Through the heat, crashes, cautions and gamblers, Will Power was the man left standing today as he collected his first Indianapolis 500 victory in a month of May to remember.
Finally breaking through after years of disappointment at the Indy 500, a normally reserved Power was exuberant in victory lane as he celebrated with his wife, Liz, and team owner Roger Penske, who collected his 17th Indianapolis 500 win this afternoon.
Power made his 11th start in the “Greatest Spectacle” today and his previous best finish was runner-up to Juan Pablo Montoya in 2015. It is his 6th top-10 finish at the Indianapolis 500 with Team Penske.
It was a Chevrolet 1-2 as Ed Carpenter was strong all afternoon in his No. 20 Fuzzy’s Vodka machine, leading 65 laps while finishing runner up. The first Honda in the running order was Scott Dixon who picked up a 3rd place finish as Chip Ganassi Racing rolled the dice a bit and stretched his fuel long enough to see the 200 miles.
It was an exciting day filled with a bevy of accidents. The first caution flew on lap 45 when James Davison and defending champion Takuma Sato made contact in Turn 3, ending each of their days.
It appeared that Davison was well off of the pace after a rear bar malfunction made his car quite unstable, and while Sato was trying to clear the No. 33 Chevrolet the two drivers made significant contact that was eerily similar to the wreck that Scott Dixon and Jay Howard were involved in last year.
It wasn’t much longer until Ed Jones exited the race on lap 57 with a crash on the exit of Turn 2 that would be the symbol of the day for many drivers. Jones lost the rear end of his No. 10 Chip Ganassi Racing Honda on the slick racing surface, a byproduct of not enough downforce on these cars with the incredible, near record-breaking heat at the Speedway today.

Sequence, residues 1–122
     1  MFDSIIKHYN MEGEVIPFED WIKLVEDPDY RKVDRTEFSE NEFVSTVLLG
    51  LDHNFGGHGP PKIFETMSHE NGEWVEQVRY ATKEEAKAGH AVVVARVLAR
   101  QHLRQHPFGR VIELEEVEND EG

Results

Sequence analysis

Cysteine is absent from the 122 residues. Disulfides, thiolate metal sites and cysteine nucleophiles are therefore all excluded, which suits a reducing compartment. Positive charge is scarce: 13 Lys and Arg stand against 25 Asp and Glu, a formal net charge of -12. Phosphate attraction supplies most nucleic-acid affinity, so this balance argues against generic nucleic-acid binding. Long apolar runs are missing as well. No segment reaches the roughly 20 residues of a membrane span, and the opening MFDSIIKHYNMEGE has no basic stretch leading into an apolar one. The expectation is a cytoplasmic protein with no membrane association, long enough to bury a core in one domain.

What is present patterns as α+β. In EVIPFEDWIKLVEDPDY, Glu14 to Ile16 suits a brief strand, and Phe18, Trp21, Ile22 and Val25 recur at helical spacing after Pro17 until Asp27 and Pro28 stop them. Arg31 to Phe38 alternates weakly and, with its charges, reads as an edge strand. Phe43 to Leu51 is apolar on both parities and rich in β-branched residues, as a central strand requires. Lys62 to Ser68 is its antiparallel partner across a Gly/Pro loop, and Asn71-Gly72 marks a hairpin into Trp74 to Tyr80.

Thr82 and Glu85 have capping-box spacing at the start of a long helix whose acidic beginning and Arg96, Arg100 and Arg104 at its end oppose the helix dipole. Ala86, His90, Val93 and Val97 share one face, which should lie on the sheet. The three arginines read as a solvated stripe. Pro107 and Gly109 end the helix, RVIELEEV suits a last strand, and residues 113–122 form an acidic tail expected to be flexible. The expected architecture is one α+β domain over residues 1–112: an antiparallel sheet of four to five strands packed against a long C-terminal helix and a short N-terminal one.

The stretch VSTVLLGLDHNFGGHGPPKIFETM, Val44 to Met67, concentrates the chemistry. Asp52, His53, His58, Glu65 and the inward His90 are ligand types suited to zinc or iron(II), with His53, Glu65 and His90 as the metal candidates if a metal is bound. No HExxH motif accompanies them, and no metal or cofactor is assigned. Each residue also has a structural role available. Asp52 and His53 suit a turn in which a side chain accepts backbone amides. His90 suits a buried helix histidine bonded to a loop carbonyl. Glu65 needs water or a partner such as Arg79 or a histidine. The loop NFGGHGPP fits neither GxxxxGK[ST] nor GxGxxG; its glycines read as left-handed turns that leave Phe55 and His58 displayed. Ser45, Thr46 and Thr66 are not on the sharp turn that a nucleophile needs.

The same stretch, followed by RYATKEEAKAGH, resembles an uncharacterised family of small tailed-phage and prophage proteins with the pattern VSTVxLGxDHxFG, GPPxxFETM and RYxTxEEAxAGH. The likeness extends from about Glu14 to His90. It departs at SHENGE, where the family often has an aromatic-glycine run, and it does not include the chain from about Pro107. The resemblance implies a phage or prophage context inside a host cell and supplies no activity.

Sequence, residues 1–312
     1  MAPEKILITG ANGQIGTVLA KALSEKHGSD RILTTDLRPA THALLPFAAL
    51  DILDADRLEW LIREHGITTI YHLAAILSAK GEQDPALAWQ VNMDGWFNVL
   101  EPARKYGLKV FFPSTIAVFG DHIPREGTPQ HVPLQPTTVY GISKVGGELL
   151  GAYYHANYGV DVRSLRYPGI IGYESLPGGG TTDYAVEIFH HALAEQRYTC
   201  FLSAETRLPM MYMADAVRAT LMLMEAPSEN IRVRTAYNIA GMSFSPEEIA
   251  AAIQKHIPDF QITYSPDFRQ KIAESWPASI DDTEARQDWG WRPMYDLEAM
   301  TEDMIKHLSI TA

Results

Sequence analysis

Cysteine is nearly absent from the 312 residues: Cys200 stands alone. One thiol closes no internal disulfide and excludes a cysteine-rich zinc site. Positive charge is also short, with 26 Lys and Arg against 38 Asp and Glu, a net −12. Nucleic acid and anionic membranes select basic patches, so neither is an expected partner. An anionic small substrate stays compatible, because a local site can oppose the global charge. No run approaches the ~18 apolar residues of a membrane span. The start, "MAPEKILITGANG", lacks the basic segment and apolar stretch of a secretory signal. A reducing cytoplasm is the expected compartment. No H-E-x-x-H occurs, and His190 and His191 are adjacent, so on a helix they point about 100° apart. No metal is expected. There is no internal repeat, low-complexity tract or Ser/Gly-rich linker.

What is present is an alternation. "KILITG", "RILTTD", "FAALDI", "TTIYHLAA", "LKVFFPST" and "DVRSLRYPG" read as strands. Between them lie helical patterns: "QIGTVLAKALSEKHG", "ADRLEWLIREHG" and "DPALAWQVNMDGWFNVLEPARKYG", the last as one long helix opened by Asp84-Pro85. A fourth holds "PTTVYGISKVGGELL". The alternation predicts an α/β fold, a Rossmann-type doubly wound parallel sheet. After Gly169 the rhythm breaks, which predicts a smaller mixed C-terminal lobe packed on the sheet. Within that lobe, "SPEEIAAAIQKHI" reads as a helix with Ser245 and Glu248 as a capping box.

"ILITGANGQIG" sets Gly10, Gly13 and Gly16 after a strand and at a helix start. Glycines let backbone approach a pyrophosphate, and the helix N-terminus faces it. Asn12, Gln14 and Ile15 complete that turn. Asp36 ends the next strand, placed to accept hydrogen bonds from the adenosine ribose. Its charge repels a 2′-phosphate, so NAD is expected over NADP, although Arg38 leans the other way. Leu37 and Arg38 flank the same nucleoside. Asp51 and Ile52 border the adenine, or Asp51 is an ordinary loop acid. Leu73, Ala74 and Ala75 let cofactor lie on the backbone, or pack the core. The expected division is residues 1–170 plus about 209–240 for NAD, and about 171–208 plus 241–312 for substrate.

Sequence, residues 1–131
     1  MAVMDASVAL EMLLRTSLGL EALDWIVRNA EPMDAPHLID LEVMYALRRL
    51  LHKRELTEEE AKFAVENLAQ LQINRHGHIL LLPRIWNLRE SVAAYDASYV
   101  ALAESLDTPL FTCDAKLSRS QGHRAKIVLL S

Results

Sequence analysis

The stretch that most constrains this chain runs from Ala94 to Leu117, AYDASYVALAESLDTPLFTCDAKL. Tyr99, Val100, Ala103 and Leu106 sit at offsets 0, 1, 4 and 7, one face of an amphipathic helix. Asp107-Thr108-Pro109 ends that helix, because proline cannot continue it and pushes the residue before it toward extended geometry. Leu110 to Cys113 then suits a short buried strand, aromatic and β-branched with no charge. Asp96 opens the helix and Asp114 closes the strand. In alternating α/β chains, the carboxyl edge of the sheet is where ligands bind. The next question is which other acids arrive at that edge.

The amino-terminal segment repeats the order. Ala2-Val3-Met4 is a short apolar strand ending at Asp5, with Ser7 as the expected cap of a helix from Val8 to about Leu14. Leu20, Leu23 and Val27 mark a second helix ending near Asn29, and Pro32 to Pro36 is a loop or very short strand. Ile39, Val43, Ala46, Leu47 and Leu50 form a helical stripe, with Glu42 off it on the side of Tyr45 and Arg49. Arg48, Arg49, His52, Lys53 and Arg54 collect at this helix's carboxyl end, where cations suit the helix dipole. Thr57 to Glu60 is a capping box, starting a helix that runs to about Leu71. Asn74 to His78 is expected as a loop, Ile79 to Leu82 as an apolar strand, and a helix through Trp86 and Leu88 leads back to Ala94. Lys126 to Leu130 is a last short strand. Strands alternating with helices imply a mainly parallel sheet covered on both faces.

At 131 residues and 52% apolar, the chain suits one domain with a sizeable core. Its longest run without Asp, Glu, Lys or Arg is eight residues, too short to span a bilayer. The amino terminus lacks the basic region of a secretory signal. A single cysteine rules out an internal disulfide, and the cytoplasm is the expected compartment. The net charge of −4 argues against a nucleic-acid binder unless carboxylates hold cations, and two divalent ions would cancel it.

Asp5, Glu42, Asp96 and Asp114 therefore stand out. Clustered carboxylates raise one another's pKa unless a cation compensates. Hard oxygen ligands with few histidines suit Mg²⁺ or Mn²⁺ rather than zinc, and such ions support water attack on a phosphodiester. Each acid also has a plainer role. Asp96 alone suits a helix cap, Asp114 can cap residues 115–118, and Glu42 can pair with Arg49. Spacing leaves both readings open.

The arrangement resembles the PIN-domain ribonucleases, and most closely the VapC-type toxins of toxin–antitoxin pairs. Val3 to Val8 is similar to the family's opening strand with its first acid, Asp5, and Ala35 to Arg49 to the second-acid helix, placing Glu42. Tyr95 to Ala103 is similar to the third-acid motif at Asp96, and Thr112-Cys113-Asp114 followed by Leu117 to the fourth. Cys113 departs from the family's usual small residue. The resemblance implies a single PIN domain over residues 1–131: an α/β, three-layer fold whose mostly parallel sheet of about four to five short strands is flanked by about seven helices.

Jones would be taken to Methodist Hospital in downtown Indianapolis after he complained of some head and neck pain after the incident, though he was awake and alert through the duration of the evaluation.
Again, 10 laps later it would be fan favorite Danica Patrick losing the rear end of her No. 13 GoDaddy Chevrolet near the center of the corner when the rear tires were overcooked. Patrick’s car made a complete 180 degree spin and smacked the wall on the exit of Turn 2 very abruptly.
Patrick’s memorable career comes to an end today at the Indianapolis Motor Speedway, the same place where she became a household name as the first female driver to lead at the Indianapolis 500. She would finish 30th in her swan song.
Kyle Kaiser’s race would come to a close early with a mechanical issue while Sebastien Bourdais would be the next veteran to fall by the wayside on the track.
It appeared that Bourdais’ No. 18 Dale Coyne Racing Honda had a mechanical failure on the entry to Turn 4 that saw his car dart quickly to both the left and right before it shot to the outside wall. It was Bourdais’ day ending on lap 137 despite a top-10 run for most of the day.